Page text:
Human beings are prone to being hypocritical. We change are minds constantly with the flow of popular opinion or being prisoners of the moment, and this is evident in sports. This past week a large majority of NASCAR fans became hypocrites with their major backtrack on racing in the rain.
For years, this sport has been plagued by the curse of mother nature and dealing with weather delays. One of the most annoying things as a fan is to sit down to watch the race only to be told it will be delayed due to weather and forced to watch a race previously recorded.
Anytime you listen to radio call ins or NASCAR content creators, all they talk about is they wish there was a way to race in the rain. We now have that possibility, and while intermediate and superspeedways will always have this issue, road courses and short tracks have hope. NASCAR has developed a way to race in the rain on almost half of the schedule.
This past week’s race at COTA was rough, there was some great racing and examples of amazing driving in the rain and it was entertaining to watch. There were the obvious issues of visibility that drivers dealt with through the midway point of the race. This led to many scary wrecks that were hard to avoid in the conditions for the drivers.
The elephant in the room is the fact that NASCAR made a mistake by allowing these drivers to race in these downpours that lead to the rooster tails. Officials should have red flagged the events for fifteen minutes to be able to dry the track off like they eventually did. Unfortunately, this call was made too late and too many cars were damaged.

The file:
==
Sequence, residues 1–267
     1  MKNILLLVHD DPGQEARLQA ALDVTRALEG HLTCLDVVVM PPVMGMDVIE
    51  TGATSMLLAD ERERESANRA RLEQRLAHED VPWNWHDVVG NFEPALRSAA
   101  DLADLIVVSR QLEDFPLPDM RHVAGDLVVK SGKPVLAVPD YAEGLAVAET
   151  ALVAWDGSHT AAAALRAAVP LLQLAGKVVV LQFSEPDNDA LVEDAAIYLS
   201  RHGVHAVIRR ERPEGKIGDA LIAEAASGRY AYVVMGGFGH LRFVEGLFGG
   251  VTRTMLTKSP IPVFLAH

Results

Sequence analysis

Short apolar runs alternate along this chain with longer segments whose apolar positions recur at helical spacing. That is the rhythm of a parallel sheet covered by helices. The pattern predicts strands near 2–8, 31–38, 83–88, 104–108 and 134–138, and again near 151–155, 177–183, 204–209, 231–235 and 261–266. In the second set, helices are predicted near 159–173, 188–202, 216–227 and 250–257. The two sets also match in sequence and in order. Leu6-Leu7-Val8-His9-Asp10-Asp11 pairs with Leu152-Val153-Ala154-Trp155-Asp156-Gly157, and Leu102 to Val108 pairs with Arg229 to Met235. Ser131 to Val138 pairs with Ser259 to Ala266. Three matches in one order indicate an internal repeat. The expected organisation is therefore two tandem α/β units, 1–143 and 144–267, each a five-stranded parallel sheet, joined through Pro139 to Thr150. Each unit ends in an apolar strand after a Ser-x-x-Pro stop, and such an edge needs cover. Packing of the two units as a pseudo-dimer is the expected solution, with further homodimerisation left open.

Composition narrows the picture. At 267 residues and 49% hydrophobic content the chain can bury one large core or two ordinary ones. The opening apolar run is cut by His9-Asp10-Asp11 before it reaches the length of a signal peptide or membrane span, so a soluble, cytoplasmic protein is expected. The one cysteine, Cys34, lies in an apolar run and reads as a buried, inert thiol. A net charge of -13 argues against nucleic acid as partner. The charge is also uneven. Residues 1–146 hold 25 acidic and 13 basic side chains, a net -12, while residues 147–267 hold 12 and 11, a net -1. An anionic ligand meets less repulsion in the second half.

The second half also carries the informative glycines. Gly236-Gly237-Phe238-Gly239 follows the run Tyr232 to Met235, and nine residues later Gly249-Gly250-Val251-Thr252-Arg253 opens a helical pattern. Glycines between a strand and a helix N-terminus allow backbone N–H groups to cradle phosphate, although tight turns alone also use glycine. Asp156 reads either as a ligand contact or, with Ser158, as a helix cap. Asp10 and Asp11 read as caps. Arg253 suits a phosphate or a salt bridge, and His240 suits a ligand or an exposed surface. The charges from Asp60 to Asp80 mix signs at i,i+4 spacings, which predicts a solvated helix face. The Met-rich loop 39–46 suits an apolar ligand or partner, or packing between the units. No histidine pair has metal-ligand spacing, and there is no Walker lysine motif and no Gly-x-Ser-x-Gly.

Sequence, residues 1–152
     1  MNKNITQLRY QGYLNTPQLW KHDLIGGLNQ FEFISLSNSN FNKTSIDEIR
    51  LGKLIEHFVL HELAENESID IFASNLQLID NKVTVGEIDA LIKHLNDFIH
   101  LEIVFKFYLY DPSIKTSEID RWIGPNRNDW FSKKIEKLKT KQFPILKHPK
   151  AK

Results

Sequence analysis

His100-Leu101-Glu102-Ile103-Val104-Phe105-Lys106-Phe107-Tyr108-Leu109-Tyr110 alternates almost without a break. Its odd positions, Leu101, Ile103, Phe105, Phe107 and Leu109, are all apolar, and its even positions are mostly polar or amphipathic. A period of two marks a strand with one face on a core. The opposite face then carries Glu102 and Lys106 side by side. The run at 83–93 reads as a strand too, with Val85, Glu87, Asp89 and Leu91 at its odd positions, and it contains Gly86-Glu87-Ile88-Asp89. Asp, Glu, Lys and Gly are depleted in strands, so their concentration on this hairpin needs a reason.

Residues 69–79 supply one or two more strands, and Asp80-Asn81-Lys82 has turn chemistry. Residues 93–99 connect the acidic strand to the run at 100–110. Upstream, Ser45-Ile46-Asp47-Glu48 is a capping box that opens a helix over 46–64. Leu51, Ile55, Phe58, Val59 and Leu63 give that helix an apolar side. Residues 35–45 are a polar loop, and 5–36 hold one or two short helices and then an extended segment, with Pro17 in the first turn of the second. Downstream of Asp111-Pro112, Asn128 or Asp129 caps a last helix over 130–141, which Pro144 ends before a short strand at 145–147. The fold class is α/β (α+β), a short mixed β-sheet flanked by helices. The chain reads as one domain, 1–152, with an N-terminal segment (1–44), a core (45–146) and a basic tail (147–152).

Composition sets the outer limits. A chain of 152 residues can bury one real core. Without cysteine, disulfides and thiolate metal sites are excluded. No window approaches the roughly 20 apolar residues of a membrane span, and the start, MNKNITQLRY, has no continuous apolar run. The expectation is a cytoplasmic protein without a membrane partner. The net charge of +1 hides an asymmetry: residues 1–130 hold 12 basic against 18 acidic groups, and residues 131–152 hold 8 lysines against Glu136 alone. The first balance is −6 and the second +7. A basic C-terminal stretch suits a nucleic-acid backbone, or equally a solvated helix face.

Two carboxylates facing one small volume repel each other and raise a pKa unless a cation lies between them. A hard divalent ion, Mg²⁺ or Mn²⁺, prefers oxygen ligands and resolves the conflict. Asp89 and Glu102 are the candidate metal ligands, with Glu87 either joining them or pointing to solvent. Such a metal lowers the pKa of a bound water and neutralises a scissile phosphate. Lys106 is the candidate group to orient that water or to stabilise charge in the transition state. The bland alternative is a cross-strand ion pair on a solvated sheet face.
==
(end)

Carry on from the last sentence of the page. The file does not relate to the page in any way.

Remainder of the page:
NASCAR said after the race that they should’ve acted sooner, so they are aware of their mistake. Fans have been vocal in their displeasure of the race and in some polls done on Twitter, a lot of support is shown for NOT attempting to race in the rain again.
I have to call this out and if you’re someone that shares this opinion, I implore you to look at it from this point of view. This is the first year that NASCAR has attempted to genuinely race an entire race in the rain. There are going to be mistakes made and lessons learned. Just like with the Bristol Dirt race, there is the potential for something great, but it will take trial and error.
If you take the wrecks away from Sunday’s race and still did not enjoy the racing you saw, then fair enough; I don’t agree with you, but I won’t argue. However, if you are beating the table against racing in the rain because of the avoidable aspects of it like the rooster tails and low visibility, then you’re not being fair. Keep that same energy the next time we have a rainout.
I truly hope that NASCAR continues to develop this rain tire technology and continues to attempt to hold road course races in wet conditions. Not only that, but I want to see it used at short tracks as well. While I do not prefer wet racing over dry, I do prefer wet racing over postponed or shortened racing.